Some PPT readers may know more about these stories than we do. We’d appreciate and advice at our email: firstname.lastname@example.org.
Our guess is that the stories we discuss below are probably linked with the big “cleansing” at senior levels of the Buddhist sangha that began with the crackdown on the Dhammakaya sect, then saw senior monks jailed or fleeing the country, and also saw fascist, royal amulet making monk Buddha Issara jailed.
We noticed a further cleansing trend in some rather cryptic media reports that can be seen in the tone of reports at The Nation.
The Nation reported the case of the Lawyers Council of Thailand criticizing police for their violent and forcible detention of a lawyer acting for a client. The client was “a self-proclaimed spirit medium [seeking] to file a defamation complaint against another person…”.
Amid the chaos, the 49-year-old medium, Saengsuriyathep Phramahasuriya, slipped out of the precinct without filing the complaint against Atchariya Ruangratanapong, a lawyer and chairman of the Facebook group for assisting crime victims. She later returned with a new lawyer to file the complaint. That complaint was about accusations that the medium was “insulting the monarchy [by claiming to be a medium of past kings’ spirits] and promoting false information to the public – both accusations denied by her [the medium].”
Soon after, ThaiPBS reported that “Police of the Crime Suppression and Technology Crime Suppression divisions have been ordered to launch a nationwide clampdown on mediums, especially those who claim they have connections with members of the royalty.”
Central Investigation Bureau commissioner Pol Lt-Gen Thitirat Nongharnpitak “said the police had been instructed to first approach the mediums and to tell them to stop the practice…”. Police said “that people … should be told not to believe the mediums as the practice of mediumship is un-Buddhist.”
The police claim to have “nabbed at least three mediums who claimed to have supernatural powers. One of them was removed of his strange hairstyle from which he claimed to derive his supernatural powers … adding that not one medium has faced criminal litigation.”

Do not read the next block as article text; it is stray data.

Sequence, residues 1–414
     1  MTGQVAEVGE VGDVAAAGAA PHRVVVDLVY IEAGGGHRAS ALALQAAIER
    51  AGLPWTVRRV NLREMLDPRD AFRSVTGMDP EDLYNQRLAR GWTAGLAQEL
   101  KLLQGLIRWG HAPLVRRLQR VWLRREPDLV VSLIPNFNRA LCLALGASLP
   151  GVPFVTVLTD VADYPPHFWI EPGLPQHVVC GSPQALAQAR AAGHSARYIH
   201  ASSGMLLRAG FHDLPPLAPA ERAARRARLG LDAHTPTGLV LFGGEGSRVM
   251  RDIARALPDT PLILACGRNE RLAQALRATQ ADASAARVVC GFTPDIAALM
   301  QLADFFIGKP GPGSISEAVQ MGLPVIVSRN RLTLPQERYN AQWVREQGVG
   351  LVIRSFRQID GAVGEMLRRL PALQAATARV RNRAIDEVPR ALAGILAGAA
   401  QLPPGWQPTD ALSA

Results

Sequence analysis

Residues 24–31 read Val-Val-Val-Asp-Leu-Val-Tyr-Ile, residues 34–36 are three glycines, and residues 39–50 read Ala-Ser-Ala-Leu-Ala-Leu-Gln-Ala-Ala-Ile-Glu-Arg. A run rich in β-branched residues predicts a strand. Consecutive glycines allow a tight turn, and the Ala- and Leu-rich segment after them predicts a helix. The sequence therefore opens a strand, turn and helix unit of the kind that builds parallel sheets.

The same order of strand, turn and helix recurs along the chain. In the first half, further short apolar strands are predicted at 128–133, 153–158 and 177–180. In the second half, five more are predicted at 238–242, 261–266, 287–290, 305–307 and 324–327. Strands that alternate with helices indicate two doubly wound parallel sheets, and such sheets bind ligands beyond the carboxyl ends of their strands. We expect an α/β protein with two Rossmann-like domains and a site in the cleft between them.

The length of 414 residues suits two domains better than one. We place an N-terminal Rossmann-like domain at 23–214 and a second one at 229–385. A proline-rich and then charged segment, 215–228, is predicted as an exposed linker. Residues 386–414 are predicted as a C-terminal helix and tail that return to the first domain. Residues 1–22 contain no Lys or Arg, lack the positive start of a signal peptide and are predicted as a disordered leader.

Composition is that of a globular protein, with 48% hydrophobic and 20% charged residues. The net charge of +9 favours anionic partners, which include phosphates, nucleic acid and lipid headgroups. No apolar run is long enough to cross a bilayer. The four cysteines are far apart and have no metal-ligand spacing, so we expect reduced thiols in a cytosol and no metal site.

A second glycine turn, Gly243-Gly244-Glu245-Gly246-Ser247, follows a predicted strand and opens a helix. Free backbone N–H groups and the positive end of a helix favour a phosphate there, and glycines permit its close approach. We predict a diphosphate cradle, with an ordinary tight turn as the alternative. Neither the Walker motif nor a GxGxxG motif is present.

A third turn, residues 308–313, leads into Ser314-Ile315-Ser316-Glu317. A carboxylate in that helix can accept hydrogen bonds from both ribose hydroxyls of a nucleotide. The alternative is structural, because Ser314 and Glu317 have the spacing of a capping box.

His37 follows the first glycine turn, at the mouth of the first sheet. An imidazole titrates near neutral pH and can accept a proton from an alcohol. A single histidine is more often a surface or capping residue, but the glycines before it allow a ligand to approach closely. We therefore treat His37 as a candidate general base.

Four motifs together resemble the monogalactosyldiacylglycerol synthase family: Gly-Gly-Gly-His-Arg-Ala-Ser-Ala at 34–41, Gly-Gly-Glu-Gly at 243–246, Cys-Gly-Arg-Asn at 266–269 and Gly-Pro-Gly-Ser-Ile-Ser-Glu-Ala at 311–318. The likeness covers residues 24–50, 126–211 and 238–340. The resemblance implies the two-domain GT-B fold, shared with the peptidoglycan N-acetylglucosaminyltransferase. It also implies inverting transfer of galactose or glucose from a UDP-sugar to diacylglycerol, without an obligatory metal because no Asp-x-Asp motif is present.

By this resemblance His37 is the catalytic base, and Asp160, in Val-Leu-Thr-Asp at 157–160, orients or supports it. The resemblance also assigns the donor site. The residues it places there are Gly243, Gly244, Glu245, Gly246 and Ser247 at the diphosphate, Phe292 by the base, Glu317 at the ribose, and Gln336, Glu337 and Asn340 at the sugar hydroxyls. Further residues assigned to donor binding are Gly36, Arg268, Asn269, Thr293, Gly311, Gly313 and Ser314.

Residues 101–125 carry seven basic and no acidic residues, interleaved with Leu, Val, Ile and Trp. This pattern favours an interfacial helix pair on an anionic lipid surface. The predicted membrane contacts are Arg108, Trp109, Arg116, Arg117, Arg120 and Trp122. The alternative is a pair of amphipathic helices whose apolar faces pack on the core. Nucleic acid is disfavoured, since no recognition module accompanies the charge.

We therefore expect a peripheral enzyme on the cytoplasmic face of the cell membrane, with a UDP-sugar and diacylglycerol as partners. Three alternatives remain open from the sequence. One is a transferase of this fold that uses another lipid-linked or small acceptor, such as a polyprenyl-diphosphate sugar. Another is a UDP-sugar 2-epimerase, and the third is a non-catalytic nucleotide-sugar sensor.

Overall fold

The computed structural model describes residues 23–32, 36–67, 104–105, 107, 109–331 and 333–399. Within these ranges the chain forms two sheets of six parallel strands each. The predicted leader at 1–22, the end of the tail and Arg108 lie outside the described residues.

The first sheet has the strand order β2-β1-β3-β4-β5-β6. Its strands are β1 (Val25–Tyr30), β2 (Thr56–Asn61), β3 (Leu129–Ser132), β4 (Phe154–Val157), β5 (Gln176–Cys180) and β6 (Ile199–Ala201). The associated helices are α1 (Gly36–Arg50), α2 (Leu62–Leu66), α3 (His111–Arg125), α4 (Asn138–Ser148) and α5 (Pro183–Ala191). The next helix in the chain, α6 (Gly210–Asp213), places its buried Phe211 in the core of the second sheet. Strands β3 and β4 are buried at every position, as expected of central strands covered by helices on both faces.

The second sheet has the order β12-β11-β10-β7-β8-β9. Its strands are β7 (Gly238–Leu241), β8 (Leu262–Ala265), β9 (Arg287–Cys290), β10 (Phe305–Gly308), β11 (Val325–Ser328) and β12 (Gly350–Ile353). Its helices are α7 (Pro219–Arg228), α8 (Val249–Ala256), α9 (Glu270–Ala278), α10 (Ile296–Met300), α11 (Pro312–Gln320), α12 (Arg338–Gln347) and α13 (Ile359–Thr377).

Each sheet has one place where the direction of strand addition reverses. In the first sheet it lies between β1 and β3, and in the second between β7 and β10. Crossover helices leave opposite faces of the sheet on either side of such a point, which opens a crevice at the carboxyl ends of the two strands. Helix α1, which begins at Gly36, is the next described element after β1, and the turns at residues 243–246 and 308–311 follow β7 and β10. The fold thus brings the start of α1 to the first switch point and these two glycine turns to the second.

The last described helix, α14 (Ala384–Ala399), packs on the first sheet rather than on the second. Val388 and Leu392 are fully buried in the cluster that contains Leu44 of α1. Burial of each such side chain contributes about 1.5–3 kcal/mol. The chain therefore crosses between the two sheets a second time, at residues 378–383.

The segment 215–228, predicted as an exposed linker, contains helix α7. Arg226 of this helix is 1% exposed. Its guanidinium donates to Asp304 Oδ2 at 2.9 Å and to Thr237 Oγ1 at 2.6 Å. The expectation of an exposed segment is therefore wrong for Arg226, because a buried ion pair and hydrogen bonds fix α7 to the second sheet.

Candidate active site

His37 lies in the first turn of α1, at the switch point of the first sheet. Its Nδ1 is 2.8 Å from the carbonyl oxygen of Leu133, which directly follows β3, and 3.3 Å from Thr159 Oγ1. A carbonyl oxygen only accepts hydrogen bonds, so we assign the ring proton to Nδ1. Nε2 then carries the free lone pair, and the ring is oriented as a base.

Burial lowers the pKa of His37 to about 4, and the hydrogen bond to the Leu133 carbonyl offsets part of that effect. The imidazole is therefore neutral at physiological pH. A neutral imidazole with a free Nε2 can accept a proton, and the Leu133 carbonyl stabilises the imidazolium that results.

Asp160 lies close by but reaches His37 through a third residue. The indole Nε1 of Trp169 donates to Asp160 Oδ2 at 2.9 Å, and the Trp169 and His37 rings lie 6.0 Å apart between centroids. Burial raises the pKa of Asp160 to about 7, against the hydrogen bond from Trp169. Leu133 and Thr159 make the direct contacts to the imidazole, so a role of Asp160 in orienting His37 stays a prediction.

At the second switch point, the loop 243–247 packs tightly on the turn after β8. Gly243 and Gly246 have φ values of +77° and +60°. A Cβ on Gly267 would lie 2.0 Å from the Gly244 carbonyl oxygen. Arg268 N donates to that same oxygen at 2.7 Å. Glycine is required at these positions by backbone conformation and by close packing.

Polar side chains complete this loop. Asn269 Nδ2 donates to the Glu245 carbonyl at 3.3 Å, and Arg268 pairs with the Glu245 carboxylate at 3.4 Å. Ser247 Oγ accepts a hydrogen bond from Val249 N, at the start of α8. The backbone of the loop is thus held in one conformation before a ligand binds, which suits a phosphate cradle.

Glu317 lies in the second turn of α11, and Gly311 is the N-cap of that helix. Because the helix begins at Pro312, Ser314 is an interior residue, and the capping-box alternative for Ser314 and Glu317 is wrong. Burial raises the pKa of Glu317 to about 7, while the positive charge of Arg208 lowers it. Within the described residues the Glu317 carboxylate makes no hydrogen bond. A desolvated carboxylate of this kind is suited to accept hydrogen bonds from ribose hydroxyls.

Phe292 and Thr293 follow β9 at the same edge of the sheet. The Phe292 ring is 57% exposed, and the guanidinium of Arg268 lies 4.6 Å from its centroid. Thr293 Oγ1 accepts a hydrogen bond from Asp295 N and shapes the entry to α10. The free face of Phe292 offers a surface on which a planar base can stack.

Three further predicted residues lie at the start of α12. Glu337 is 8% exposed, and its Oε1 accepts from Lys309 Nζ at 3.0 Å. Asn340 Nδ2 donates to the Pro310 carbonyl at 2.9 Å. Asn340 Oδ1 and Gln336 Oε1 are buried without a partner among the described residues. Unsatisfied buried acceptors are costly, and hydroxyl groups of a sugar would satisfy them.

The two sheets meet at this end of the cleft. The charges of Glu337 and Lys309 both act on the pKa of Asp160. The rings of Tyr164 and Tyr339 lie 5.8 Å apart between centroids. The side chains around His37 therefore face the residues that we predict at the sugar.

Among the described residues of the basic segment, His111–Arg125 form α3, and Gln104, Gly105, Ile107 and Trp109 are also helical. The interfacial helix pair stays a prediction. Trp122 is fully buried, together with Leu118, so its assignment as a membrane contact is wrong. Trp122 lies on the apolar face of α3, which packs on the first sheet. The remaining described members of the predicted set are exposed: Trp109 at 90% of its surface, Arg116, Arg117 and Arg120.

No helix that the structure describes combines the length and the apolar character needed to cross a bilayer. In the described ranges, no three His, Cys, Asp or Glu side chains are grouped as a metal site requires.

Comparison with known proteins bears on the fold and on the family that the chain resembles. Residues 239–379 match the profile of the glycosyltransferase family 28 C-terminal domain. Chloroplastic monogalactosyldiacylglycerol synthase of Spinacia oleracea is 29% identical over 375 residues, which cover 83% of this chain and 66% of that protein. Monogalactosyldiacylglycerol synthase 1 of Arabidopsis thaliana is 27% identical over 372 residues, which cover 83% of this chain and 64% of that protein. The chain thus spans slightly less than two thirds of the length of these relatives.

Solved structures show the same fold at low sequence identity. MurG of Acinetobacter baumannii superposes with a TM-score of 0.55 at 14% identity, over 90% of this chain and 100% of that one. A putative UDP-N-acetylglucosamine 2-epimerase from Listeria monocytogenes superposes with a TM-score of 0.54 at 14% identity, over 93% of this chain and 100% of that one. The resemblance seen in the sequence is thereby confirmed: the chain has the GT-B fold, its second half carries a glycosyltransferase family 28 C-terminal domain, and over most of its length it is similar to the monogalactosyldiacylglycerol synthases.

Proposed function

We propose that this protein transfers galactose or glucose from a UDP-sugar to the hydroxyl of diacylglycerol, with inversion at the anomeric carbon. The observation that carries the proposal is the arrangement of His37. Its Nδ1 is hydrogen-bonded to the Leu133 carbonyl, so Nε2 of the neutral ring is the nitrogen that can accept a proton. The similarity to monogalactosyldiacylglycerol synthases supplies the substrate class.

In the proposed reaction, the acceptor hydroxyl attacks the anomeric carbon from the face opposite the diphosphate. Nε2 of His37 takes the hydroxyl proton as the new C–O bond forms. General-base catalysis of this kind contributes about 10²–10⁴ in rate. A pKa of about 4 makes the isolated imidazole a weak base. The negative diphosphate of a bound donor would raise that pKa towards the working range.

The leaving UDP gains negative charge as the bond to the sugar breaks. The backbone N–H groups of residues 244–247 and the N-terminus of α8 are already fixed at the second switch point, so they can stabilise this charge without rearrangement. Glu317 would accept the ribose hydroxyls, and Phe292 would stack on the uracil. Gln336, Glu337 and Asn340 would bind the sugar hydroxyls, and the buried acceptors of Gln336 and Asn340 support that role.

This report was confirmed in another at the Bangkok Post. That more detailed report states that many mediums “claimed to be possessed by the spirits of the past kings and their followers lost a huge amount of money to these psychics…”.
It added that the “crackdowns have been carried out secretly over the past two weeks with at least three mediums netted.” The report confirms that no charges had been laid by police.
Police said “the issue connected to people’s faith and belief can be sensitive…”. It was added that police “do not want people to see that police are intimidating these mediums…. However, if we let this situation go on any longer, the mediums could exploit their victims by asserting their claims they are vested with supernatural power, which is not real.”
Pol Lt Gen Thitirat Nonghanpitak, a police commissioner “said police were enforcing the law swiftly as some mediums were posing as the spirits of those in the high institutions ‘which is completely inappropriate’.” Well, harassing, warning, cutting hair….
Police say they “nabbed a couple who claimed to serve as a medium for King Rama IX in Nakhon Pathom after they organised a rite which was widely shared on YouTube.” Another in Chachoengsao claimed to be a “medium for King Rama V…. This person, who applied makeup and dressed like King Rama V, ran an unlicensed clinic which doubles as a fortune telling outlet.”
Yet another man “claimed to be the medium of Phra Sri Ariyametrai, who was the fifth life in the Lord Buddha’s past, police said. He claimed he could foretell people’s future and cleanse them of their sins.”
Some mediums went further and “claimed they could be possessed by the spirits of multiple kings.”
The mediums detained by police, who did not name them, were given a “talking to” and were released after they “agreed to stop the spiritual possession business.”
The Technology Crime Suppression Division is also being used “to track down the mediums who are operating businesses online. They would be summonsed for talks with the police.”
Such efforts do seem congruent with the broader cleansing that is taking place prior to the king’s coronation.
Perhaps surprising is the fact that, as with Buddha Issara, such use of royal names is not being treated as lese majeste. That might be a good thing and represent a change in “policy,” although there’s also the relationship between the mediums, their supposed powers and those in power.